April 14, 2013 |
Hilary Koprowski, a virologist and former director of the Wistar Institute who developed the first polio vaccine and helped improve the rabies vaccine for humans, has died. Koprowski, who was 96 and had been in declining health in recent months, died Thursday of pneumonia at his home in Wynnewood, according to his son Christopher Koprowski, chief of radiation oncology at the Helen Graham Cancer Center at Christiana Care Health System. "Hilary Koprowski left an enduring mark on medical science and the health of humankind, and his many accomplishments serve as a testament to his legacy," said Russel E. Kaufman, president and chief executive officer of the Wistar Institute.
March 10, 1992 |
Ralph Waldo Emerson once wrote that "an institution is the lengthened shadow of one man," and in West Philadelphia there's a classic illustration of his dictum. The institution is Wistar Institute. The man is Hilary Koprowski. When the acclaimed virologist and immunologist was named its director in 1957, Wistar, the nation's oldest independent biomedical research center, had a staff of about 30 and a budget of little more than $100,000. It was, according to one scientific publication, "a dilapidated museum.
November 6, 2000 |
On a cold day in January 1948, Hilary Koprowski lifted a glass beaker in his laboratory at Pearl River, N.Y., and gulped down an oily liquid made with ground-up cotton-rat brain that had been infected with live polio virus. He survived. Two years later, that glop of goo became the world's first oral polio vaccine to be administered to human subjects - 20 boys and girls at a nearby home for retarded children. Ultimately, Koprowski, who went on to become the longtime director of Philadelphia's Wistar Institute, lost the race to get his vaccine licensed in the United States.
November 28, 1990 |
Two scientists who have made pioneering contributions in developing new vaccines and grains were awarded the John Scott Award and $10,000 each yesterday. The awards, which are made by the Board of Directors of City Trusts, a public agency, were given to Hilary Koprowski for his contributions to rabies research and Orville S. Vogel for inventing semidwarf wheats, which have helped increase the world's food supplies. Koprowski is director of the Wistar Institute in Philadelphia and Vogel is a professor emeritus at Washington State University in Pullman, Wash.
February 26, 2000 |
A half-century ago, on Feb. 27, 1950, Dr. Hilary Koprowski administered the first-ever dose of an oral polio vaccine to a child. Koprowski, then a 33-year-old research scientist, would go on to a brilliant career in medicine in Philadelphia, discovering vaccines to defeat German measles and rabies, and producing man-made antibodies to fight cancer. But his development of the first successful oral polio vaccine, even though later vaccines bearing the names of Jonas Salk and Albert Sabin would become more widely used, stands as one of the century's signal achievments.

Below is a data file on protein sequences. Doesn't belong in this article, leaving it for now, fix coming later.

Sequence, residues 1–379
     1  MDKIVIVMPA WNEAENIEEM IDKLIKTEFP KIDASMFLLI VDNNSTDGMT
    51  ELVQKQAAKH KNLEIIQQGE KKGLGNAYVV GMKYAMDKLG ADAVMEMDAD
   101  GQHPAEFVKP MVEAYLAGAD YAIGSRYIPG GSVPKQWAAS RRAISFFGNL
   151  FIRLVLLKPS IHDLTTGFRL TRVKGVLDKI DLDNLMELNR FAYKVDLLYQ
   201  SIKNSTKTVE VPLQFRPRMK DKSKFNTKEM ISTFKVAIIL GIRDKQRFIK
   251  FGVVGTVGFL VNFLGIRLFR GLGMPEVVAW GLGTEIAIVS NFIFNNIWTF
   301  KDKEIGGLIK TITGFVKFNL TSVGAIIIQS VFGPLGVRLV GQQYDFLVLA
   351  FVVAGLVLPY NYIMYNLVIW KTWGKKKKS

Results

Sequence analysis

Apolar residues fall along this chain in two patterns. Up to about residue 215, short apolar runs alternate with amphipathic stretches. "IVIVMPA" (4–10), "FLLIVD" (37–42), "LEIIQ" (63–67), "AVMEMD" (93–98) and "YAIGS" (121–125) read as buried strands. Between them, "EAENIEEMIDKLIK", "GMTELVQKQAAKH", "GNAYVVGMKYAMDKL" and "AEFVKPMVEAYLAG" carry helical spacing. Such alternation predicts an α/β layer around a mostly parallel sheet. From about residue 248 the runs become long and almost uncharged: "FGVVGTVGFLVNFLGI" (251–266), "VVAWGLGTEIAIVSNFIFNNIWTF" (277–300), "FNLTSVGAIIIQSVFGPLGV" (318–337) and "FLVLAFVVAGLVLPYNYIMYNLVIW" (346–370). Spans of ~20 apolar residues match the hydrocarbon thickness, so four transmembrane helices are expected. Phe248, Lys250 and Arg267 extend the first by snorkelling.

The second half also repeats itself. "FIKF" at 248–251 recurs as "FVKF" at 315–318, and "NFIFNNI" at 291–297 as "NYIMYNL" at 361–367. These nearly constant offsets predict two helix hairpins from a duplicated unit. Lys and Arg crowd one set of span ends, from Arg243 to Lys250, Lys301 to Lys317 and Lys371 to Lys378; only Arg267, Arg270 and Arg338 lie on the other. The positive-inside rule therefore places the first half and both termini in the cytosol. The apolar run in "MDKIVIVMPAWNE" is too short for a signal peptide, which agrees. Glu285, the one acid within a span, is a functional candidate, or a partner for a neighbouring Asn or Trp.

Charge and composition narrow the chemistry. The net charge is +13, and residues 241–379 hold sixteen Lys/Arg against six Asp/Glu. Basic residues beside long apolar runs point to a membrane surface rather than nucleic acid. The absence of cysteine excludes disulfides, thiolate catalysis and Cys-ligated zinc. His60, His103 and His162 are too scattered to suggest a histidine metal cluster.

April 28, 2001
Imagine being wrongly depicted as the rat who caused the plague. Imagine being unfairly blamed for infecting 53 million people with a fatal disease. Noted Philadelphia scientist Hilary Koprowski has suffered that fate for nine years because of an erroneous, published theory that tagged him as the father of AIDS. In an emotional letter to The Inquirer last fall, he wrote: "I have but one reputation. It is the sum of all my works and all my accomplishments for the last 60 years.
October 23, 1992 |
A panel of scientists has concluded there is little likelihood that Hilary Koprowski, an internationally known Philadelphia medical researcher, accidentally helped launch the AIDS epidemic in the 1950s. The six-member panel was set up by the Wistar Institute to investigate a theory put forward by Tom Curtis, a freelance writer, that Koprowski may have inadvertently spread the AIDS virus to people during trials of an oral polio vaccine in 1957 in the Belgian Congo, now known as Zaire.
May 22, 1990 |
Hilary Koprowski, an internationally known scientist who helped develop vaccines against rabies and polio, was awarded the prestigious Philadelphia Award last night. The $25,000 award, which is given annually to a Philadelphian who has set an example by serving the "best and largest interests of the community," was presented to Koprowski during ceremonies at the College of Physicians at 19 S. 22d St. Koprowski, 73, is giving the award to the Wistar Institute, which he has directed since 1957.
April 8, 1993 |
The Wistar Institute and its former director, Hilary Koprowski, have settled a bitter dispute that has racked the Philadelphia biomedical institution for the last two years. Attorneys for both parties refused to discuss details of the settlement, which was announced yesterday morning, minutes before a jury trial was scheduled to begin in U.S. District Court. Wistar officials said that Giovanni Rovera, who replaced Koprowski as director in the spring of 1991, will continue to serve as the institute's top administrator.